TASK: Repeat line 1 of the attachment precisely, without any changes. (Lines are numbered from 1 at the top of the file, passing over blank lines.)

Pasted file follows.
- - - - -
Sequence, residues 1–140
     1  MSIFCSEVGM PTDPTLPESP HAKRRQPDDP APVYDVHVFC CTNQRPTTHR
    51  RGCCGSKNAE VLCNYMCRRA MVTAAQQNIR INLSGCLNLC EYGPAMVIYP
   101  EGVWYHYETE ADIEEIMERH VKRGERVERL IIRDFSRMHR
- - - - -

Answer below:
Sequence, residues 1–140